One answer is promoting independent game developers — the games equivalent of independent film producers — which KCET is doing on its website. Now playing is Flow, a mesmerizing update of Pac-Man created in Flash by young Shanghai-born Jenova Chen.
The little game festival was put together by an advocate for indies, Juan Devis, a regular web freelancer for KCET whose own indie project is an urban game version of Huckleberry Finn set on the Los Angeles River.
He despairs of educators still trying to cram textbooks into games. With foundation interest in educational games peaking, he says, it's time for public broadcasters to take games seriously.
Corporation for Public what?
The serious games movement now is well established with at least two regular conferences a year. Serious Games Summit DC comes Oct. 30-31 in Crystal City, Arlington, Va., at the same time and place as one of pubTV's round robin meetings.
David Rejeski, a founder of the conference, is the guy who proposed a Corporation for Public Gaming last year on the Serious Games Source website. Wonkish solutions are his trade; he heads a nanotech project at the Smithsonian Institution's Woodrow Wilson International Center for Scholars.
Rejeski isn't an addicted gamer, but he recognized games' effectiveness years ago when he got to play with an early climate-change simulation, clunky by today's standards, that was developed by the Dutch government. "I was able to learn differently and faster than I ever learned before," he says.
Games could come closer to fulfilling their teaching potential, he wrote, if Congress invested $15 million a year in a gaming counterpart to CPB, including funds to evaluate the effectiveness of games produced. Alternatively, Rejeski wrote, Congress could expand its allotment to CPB, which would fund games.
His article sparked enthusiasm among bloggers though no response from public broadcasters. Fearing that federal funding is a long shot, Rejeski now thinks somebody should start a nonprofit and begin fundraising, remarking, "It could be supported by viewers like you, right?"
Illogic into logic
The three-hour series A Force More Powerful, aired by PBS in 2000, showed the workings of nonviolent political action so clearly that it became a training resource for activists here and abroad. It was translated into Farsi, Russian and other languages.
On that score, hopes are even higher for the game with the same name, which went on sale in March for $19.95.
Steve York, who oversaw both documentary and game for York-Zimmerman Productions in Washington, expects the game will be used in college courses, think tanks and churches, and by nonviolent activists for all sorts of causes. Peter Ackerman and his International Center on Nonviolent Conflict financed the $3 million cost. York expects they'll give a third of the games away.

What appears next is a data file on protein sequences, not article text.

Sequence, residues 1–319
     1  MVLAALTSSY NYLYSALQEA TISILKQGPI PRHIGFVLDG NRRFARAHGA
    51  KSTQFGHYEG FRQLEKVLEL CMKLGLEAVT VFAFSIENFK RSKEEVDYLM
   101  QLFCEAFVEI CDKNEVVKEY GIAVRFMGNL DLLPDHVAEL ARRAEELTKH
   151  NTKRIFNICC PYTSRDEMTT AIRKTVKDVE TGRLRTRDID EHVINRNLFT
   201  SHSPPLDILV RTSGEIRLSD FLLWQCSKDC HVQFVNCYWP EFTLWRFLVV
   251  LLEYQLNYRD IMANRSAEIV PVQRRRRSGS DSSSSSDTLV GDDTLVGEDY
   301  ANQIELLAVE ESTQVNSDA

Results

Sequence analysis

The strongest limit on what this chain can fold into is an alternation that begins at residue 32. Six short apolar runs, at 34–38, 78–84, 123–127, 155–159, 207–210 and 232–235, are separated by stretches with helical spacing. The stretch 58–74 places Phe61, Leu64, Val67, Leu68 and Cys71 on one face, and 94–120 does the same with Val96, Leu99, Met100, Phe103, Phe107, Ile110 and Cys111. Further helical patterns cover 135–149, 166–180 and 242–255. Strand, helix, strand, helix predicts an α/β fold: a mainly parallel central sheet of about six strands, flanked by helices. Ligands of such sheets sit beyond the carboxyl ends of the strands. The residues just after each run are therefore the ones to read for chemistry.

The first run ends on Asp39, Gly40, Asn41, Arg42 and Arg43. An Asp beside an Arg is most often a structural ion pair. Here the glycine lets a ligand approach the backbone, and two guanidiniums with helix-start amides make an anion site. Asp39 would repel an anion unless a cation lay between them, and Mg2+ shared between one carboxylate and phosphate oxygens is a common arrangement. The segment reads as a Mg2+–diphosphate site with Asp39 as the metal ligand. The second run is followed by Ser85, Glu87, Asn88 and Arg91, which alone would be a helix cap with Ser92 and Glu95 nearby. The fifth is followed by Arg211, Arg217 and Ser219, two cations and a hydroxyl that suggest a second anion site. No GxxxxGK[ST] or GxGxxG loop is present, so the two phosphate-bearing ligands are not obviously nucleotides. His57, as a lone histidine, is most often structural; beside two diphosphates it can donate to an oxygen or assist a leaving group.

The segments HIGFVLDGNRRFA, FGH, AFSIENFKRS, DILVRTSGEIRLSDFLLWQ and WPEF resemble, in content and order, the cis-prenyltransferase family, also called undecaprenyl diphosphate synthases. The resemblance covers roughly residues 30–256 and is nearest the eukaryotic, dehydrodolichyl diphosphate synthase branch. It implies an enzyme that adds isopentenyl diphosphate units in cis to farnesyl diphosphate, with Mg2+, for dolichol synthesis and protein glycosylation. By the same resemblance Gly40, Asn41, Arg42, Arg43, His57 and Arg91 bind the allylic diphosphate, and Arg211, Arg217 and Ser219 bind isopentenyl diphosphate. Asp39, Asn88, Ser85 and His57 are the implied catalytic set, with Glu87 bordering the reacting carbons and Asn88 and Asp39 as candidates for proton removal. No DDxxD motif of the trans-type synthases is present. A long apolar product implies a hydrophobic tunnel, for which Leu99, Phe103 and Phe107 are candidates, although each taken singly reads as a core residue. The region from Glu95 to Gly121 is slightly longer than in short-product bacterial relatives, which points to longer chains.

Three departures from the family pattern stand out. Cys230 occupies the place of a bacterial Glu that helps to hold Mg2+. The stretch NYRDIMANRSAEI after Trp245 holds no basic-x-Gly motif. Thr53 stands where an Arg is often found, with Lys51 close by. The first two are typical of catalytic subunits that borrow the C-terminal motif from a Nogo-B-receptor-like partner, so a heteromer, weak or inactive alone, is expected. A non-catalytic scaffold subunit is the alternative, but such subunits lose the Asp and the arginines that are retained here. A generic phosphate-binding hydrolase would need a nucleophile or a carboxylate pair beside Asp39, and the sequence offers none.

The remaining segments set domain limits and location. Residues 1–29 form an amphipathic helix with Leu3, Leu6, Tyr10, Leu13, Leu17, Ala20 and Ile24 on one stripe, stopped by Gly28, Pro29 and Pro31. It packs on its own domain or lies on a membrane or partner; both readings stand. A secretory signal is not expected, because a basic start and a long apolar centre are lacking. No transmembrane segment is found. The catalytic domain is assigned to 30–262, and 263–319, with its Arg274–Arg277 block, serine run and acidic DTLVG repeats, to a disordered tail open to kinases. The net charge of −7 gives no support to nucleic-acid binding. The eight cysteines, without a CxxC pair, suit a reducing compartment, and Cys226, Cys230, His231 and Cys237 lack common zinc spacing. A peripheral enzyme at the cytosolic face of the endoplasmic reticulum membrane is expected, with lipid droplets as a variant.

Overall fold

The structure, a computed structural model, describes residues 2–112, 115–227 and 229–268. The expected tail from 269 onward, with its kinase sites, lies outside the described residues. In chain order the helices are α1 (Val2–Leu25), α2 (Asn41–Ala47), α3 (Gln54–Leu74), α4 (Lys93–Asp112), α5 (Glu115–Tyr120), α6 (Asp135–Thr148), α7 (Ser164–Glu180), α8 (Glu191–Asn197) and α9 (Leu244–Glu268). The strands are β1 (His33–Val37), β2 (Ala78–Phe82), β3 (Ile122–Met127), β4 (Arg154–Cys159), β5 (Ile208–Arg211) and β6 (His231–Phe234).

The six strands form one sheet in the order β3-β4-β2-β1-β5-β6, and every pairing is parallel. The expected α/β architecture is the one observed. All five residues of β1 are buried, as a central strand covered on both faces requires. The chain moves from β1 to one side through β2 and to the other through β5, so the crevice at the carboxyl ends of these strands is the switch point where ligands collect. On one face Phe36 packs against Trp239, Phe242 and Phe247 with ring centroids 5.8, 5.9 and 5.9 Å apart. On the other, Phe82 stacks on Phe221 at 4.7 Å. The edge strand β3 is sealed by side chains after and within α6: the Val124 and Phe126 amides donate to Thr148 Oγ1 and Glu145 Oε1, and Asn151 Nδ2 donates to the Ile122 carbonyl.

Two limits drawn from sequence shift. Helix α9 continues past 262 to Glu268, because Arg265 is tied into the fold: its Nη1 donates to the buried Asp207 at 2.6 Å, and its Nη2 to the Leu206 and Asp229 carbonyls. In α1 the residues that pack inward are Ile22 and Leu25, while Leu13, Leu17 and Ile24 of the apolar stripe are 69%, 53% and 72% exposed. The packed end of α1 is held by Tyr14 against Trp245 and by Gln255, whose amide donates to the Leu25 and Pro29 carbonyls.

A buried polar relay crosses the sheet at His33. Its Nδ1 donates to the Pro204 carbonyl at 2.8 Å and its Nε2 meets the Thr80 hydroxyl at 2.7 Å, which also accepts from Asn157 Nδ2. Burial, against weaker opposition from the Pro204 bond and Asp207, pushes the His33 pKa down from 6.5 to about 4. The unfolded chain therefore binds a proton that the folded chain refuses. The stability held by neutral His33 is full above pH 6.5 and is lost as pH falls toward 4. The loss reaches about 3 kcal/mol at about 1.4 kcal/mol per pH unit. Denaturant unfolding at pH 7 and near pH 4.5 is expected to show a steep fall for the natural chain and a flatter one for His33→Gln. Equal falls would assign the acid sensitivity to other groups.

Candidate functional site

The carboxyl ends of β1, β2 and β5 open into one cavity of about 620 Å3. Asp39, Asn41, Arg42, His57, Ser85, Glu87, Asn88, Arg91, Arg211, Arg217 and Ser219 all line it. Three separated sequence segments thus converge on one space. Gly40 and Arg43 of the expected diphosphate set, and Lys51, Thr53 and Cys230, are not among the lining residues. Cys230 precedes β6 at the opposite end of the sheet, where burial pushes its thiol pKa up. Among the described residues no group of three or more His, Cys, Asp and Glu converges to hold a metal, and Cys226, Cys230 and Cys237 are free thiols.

Though the game has some fleeting 3-D graphics, it mainly offers a mental challenge — marshaling facts and choosing strategies for political ends. A player learns by playing that a movement dies early if it attracts the rulers' attention before it has raised funds, attracted capable leaders, built a broad base of support and trained followers in discipline and nonviolence.
In successful movements, "there's less magic than one might imagine," York says. "It involves being methodical — making sure all the bases are covered." But success also requires authentic inspiration. Outsiders can't tell people how to formulate the message that will resonate in a distant culture.
Like a good public TV documentary, the game incorporates insights from scholars, including Gene Sharp, a leading authority and former Harvard professor, and Robert L. Helvey, a retired Army colonel. Ivan Marovic, a longtime gamer and a Serbian resistance leader, gave reality checks.
Part of York's job was to help the game designers absorb in detail what the scholars and Marovic know about how dictators behave and how movements can topple them, he says. The designers fashion an algorithm with a dozen variables, including a wild card representing dictators' irrationality. Then the team tweaks it to keep results plausible.
The hardest part of game-making was letting go of authorship, York says. "For a filmmaker who is accustomed to controlling what happens, when, for how long, . . . all the details of pacing and music, this is not entirely pleasant." A game-maker merely provides ideas, characters, relationships and other spare parts for the player's story.
Web page posted Aug. 1, 2006